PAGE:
This post has been republished via RSS; it originally appeared at: Microsoft Teams Blog articles.
Most projects have a cycle – from initial idea or problem, to solution design, implementation, and completion. In the solution design phase, getting to the best outcome requires keeping an open mind, getting feedback as broadly as you can, and then systematically evaluating and iterating towards the best solution. Towards this end, bringing stakeholders together into a room to brainstorm, sketch ideas, or do sticky-note exercises to gather feedback can be useful for getting a bigger picture. In a remote working environment, many software tools can provide similar support, with the additional benefits of being digital – and that includes being connected with conversations and closely available within Microsoft Teams. As you tackle projects in a remote working environment, experiment with different tools to collect and operationalize ideas, brainstorming, and feedback.
Start up a quick whiteboard
Sometimes teams need a space to go back and forth and share ideas – and you need a free-form space to draw and ideate. A digital whiteboard can deliver that experience, coupled with the ability to save and share your drawings forever. Microsoft Whiteboard can provide whiteboard services within meetings. Additional applications can provide specialized whiteboard features and spaces for idea visualization.
InVision offers platform for design and development teams to collect ideas, prototype digital experiences, streamline handoffs, and share feedback – including a free whiteboarding experience in Teams known as Freehand. With Freehand, you can replicate the feel of a marker on a whiteboard for fast ideation or create something more polished with simple shape selection, color, and alignment tools – all of which make it easy for anyone to contribute, no matter their drawing talent. Everything in Freehand is shared in real-time, meaning multiple team members can draw and add images simultaneously. This makes it a great space to bring the team together, even when you are far apart.
MURAL is another whiteboarding application integrated within Microsoft Teams that enables visual collaboration through digital sticky notes, drawings, and diagrams. You can create new murals or bring existing ones into your Teams workspace as a Tab, where they appear alongside your team’s Conversations and Files. Then, you can contribute and edit directly inside of the Channel to enable seamless collaboration. All activity in your murals and rooms is passed along through notifications. Using Messaging Extensions, you can quickly find the MURAL templates you need to run your design sprints, agile sprints, and sprint planning sessions.
Finally, Klaxoon provides a full suite of collaborative tools to make meetings, workshops, project reviews or training sessions more engaging and efficient. Their Brainstorm activity offers a two-dimensional space for teams to add collaboration tools and artifacts. Within this Klaxoon space, you can add and connect images, text, drawing and media – but also live polls, word clouds, and visualizations in one collaborative location. Ideas become flexible notes you can move around – and when it is time to further categorize ideas, Klaxoon can change its view to allow for seamless categorizing and bucketing. Templates are also available to help users get started more easily.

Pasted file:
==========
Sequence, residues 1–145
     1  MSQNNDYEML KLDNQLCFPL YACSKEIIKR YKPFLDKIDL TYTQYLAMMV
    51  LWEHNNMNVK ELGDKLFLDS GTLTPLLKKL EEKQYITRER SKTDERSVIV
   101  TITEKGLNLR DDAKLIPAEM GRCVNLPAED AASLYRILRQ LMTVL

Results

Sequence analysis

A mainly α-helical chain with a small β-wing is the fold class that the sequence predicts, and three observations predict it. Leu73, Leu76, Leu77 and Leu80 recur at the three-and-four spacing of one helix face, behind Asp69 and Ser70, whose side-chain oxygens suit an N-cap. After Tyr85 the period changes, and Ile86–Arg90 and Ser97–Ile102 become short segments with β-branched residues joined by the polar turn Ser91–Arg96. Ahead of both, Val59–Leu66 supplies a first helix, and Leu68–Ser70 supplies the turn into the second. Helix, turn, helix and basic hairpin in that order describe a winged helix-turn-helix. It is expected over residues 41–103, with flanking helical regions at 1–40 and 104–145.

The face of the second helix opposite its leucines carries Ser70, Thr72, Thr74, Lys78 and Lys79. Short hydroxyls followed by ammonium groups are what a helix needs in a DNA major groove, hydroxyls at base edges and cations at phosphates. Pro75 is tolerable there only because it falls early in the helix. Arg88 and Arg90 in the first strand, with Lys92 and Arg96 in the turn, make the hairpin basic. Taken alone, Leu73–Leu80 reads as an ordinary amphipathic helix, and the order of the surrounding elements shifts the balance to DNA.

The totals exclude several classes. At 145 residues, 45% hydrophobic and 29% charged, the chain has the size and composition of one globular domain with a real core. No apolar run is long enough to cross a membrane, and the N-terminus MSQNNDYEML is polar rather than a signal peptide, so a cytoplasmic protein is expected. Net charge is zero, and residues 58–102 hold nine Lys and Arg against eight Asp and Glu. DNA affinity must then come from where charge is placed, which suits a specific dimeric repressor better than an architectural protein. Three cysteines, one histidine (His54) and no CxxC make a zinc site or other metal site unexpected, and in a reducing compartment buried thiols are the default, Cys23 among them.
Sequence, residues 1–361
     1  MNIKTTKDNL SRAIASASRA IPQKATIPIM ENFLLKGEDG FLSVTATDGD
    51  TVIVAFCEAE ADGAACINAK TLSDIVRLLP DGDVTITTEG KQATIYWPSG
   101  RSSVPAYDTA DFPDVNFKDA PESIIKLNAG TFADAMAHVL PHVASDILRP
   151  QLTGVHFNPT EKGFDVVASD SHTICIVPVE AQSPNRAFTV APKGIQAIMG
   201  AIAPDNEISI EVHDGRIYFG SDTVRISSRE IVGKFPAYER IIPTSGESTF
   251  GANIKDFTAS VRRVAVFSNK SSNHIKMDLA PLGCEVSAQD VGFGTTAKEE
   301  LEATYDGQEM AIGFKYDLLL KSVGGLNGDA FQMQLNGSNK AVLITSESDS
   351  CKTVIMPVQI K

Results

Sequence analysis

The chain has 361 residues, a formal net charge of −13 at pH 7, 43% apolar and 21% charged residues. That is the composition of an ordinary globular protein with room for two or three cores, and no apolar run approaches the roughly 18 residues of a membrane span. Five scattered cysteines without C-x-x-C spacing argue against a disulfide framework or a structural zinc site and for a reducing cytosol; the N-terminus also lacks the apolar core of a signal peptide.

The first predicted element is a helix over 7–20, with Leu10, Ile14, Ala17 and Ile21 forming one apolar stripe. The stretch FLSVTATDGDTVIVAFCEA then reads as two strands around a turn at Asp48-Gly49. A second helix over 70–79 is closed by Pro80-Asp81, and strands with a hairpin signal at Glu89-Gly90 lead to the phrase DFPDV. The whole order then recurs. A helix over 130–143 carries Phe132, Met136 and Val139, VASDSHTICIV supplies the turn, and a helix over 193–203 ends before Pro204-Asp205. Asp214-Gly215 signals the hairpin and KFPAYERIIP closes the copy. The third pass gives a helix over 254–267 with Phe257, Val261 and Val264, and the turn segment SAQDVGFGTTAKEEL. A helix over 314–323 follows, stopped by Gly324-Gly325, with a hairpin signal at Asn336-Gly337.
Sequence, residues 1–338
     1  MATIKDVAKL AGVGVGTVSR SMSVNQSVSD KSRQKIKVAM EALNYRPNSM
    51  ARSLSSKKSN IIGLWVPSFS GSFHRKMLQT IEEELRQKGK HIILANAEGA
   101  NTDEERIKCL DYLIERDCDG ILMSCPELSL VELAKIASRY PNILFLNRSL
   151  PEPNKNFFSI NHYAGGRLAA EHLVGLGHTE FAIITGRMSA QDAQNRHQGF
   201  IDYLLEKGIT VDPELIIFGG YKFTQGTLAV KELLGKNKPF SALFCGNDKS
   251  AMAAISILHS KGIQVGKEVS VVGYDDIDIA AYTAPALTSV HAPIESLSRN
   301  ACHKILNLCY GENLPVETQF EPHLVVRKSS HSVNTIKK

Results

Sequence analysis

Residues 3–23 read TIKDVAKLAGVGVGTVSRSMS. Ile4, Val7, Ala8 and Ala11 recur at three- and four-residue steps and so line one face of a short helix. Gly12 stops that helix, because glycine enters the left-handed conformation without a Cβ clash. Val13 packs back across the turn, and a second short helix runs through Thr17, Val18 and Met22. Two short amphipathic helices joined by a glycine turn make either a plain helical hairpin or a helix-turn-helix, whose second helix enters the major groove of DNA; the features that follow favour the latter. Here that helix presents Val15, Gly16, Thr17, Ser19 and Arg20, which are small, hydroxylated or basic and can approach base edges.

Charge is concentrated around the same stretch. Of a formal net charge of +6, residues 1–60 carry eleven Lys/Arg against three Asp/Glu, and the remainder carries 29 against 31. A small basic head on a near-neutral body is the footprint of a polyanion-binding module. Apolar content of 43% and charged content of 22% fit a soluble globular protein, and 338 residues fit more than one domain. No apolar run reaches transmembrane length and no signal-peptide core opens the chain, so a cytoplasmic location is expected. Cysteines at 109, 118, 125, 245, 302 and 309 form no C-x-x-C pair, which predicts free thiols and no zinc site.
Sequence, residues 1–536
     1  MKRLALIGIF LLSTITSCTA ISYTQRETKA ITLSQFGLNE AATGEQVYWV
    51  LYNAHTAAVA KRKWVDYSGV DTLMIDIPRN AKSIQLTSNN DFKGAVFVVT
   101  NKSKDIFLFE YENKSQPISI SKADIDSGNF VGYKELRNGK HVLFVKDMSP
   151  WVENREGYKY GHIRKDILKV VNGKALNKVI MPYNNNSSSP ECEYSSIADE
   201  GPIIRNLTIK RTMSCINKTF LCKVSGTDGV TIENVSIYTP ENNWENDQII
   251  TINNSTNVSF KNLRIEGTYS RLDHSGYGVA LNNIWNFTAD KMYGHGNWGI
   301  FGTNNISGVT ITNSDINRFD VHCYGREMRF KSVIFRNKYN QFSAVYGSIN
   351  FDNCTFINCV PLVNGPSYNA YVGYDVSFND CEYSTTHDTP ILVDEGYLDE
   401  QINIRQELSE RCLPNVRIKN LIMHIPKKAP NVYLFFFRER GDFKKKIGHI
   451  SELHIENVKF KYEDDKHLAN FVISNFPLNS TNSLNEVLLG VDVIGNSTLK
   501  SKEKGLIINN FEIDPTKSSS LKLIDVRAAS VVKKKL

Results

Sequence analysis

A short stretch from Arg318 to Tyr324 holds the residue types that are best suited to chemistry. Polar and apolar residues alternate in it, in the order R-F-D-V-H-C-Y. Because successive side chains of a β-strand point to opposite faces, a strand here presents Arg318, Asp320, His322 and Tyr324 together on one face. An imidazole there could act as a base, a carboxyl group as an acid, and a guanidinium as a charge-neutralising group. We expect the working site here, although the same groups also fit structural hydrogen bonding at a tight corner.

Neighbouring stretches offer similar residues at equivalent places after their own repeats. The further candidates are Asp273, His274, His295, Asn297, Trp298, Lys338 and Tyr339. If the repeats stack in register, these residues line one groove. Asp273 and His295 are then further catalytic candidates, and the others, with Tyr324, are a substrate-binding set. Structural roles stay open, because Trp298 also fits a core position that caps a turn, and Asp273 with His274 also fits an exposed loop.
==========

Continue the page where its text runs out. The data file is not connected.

Visualizing the Idea
Just as there is tremendous diversity in communication styles, there are lots of ways to organize and collaborate on brainstorms. One such tool is mind maps – designing networks of ideas in a more spatial manner. MindMeister has long focused on providing a way to create mind-maps: interconnected diagrams and hierarchies of ideas, pulled together onto one canvas. Thoughts around a topic can be quickly broken down into a set of categories, and tasks for executing on those ideas can also be surfaced. MindMeister can also be used natively within Microsoft Teams through its app.
No matter your collaboration style – whether it’s free form drawing connecting to broader prototypes, using sticky notes to group ideas, or creating a visual hierarchy in the form of a mind-map, you can connect these styles to broader collaboration through Microsoft Teams.
If you would like to learn how to better use apps in Teams to enhance remote work, see our remote work Teams apps site with more use cases and ideas, and take advantage of the free virtual training events each week.
For Teams end-users:
- Check out our guide to remote work apps
- Join a live, instructor-led training session called “Learn to Use Apps in Microsoft Teams.” We’ll show you how to find, install, and leverage the full functionality of some of our most popular apps.
For Teams Admins:
- Join our Chalk Talk series, where members of Teams engineering walk through the security, deployment, and management of third-party integrations.